Crimson Fields.

Tarawa’s battlefields were cyan saltwater and white-sand beach.
Technically they weren’t fields. Technically the place wasn’t built for war. Technically Tarawa was a beautiful, palmy atoll with a large lagoon and 24 sea-level islets 81 miles north of the equator in the sunny Central Pacific, where the tradewinds blew steadily and the fish were profuse.
It was a cozy, isolated place. Its air was warm and damp. Its people were smiley and simple. Artillery was alien. But two years after Japan’s Pearl Harbor attacks, Tarawa’s fields lay crimson.
And it was a bad place for surfing.
November 20-23, 1943, are the dates people remember. Operation Galvanic, code name Longsuit, encompassed the brutal Battle of Tarawa. The atoll, one of the Gilbert Islands, was a strategically placed paradise in the Japan-U.S. Pacific theater of World War II. Via Pearl Harbor, Japan had enraged America and needed operable land—minimal in that part of the Pacific, just small islands and atolls and unending swaths of sea—to draw a long defensive line against Yankee vengeance.
The Yanks needed the Gilbert Islands because they needed to take the Mariana Islands because they needed to plant air bases across the Pacific to the Philippines and into Japan. Stepping stones from Oahu, basically. The Marianas were heavily defended by the Japs, and for the Yanks to win, land-based bombers were required. The nearest suitable base for the planes were the Marshall Islands, but the Marshall Islands were barred from U.S. communications with Oahu by a Japanese garrison on Tarawa.
In 1941 Japan seized the Gilberts from England. The Brits didn’t really need them. The Japs took 20 months to extensively fortify Betio, a piece of coral three miles long and a half-mile wide, the southwesternmost of Tarawa’s islets. They built an airstrip that was guarded by 4,500 troops in thick cement bunkers linked by tunnels and protected by mines, barbed wire, and major weaponry.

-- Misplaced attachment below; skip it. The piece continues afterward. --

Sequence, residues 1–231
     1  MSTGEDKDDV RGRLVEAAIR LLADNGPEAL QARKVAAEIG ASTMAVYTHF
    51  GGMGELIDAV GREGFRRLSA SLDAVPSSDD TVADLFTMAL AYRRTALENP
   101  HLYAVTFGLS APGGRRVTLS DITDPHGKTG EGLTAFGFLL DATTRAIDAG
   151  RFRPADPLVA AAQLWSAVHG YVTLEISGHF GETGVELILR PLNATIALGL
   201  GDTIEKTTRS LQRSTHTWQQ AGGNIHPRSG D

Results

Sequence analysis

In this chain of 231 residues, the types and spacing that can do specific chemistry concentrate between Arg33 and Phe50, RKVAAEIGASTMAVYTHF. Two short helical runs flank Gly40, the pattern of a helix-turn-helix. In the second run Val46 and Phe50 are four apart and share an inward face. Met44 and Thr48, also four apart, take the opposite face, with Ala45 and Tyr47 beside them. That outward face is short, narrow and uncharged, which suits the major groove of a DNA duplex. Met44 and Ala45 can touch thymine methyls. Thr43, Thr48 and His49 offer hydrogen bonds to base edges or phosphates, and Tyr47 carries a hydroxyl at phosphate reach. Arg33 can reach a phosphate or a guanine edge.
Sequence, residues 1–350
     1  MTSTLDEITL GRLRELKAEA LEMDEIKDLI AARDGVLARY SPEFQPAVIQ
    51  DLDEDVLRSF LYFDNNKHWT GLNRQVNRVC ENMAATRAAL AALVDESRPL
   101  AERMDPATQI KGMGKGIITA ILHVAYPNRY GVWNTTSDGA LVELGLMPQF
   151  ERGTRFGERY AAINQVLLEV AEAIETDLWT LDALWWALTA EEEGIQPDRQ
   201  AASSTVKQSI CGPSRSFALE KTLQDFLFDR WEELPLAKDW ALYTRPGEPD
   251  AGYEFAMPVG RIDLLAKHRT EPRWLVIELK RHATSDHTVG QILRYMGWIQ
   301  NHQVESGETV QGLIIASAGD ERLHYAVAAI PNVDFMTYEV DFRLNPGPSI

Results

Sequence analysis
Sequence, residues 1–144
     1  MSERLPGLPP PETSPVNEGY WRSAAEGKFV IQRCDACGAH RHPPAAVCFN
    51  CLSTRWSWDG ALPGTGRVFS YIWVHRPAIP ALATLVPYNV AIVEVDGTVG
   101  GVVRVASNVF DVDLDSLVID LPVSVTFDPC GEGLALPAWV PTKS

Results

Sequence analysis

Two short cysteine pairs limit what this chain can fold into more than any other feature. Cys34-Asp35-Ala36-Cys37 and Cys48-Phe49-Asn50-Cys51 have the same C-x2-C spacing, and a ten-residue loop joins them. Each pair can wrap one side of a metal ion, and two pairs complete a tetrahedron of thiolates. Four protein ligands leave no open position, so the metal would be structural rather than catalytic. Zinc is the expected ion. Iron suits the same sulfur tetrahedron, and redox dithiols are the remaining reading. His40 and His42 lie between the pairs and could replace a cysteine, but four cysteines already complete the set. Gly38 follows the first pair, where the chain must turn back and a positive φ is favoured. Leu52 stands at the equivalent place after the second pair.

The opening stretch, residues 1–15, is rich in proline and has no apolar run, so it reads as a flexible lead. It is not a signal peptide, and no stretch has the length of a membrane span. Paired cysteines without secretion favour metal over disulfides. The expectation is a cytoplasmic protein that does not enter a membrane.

Betio was the world’s most heavily defended scrap of land.
“A million men,” commander Keiji Shibazaki said, “cannot take Tarawa in a hundred years.”
No problem, the U.S. said—we’ll do it in three hours. After all, its Tarawa invasion force was the largest ever assembled for a Pacific mission.
U.S. battleships, cruisers, and destroyers wrecked Betio in November 20’s pre-dawn humidity. “There was a tremendous burst on the land,” embedded war journalist Robert Sherrod wrote. “Betio began to glow brightly from the fires the bombardment pattern had started. That was only the beginning.”
With daybreak came a ferocious stream of U.S. air strikes—torpedo bombers, dive bombers, fighter planes—that would segue to the foot-based troops deployed from warships into five landing crafts.
“If there were actually any Japs left on the island, which I doubted strongly,” Sherrod wrote, “they would all be dead by now.”
A tidebook would’ve helped. Instead of during a hoped-for high spring tide, the Marines’ landing craft entered the lagoon amid a listless neap tide and were stopped by the shallows 500 yards from shore. The depth wouldn’t change all day. The boats could go no further. The troops were forced to slog through waist-deep water toward the beach. The Japs saw this and opened fire. Ratta-tat-tat-tat-tat-tat.
“…they would all be dead by now.”

For the remaining Japs, it was fish-in-a-barrel spree at 0900 hours. Most of the Americans were raked with ease. Eventually a few U.S. amtrac (amphibious tractors) clawed over the reef and up onto the beach. Bodies littered the sand. The warm air reeked of death and smoke. For both sides, it would be a long day.
The next morning, reinforcement U.S. troops made the same lagoon trudge, later with amtracs and artillery, allowing the Marines to penetrate Betio’s narrow interior. By afternoon, they had annhiliated the Japanese and held the upper hand.
By dark on day three, the cost of victory was high for the U.S.: 1,177 soldiers never went home. Scores were wounded. The death toll was much greater for Japan—of its 4,500 troops, only 17 survived.
This set the stage for many more U.S. wins, and many more troops would die on Pacific islands before the war-ending A-bombs of ’45. “Before 1945 we were militaristic,” Japanese novelist Haruki Murakami told American novelist Paul Theroux. “After that, we were peace-loving and gentle.”
Today, technically, Tarawa is the capital of Kiribati (pronounced KIRR-ee-bas), a nation that officially gelled in 1979. Technically it is peaceful. Technically it is still bad for surfing.

Congrats, Mr. Wegener.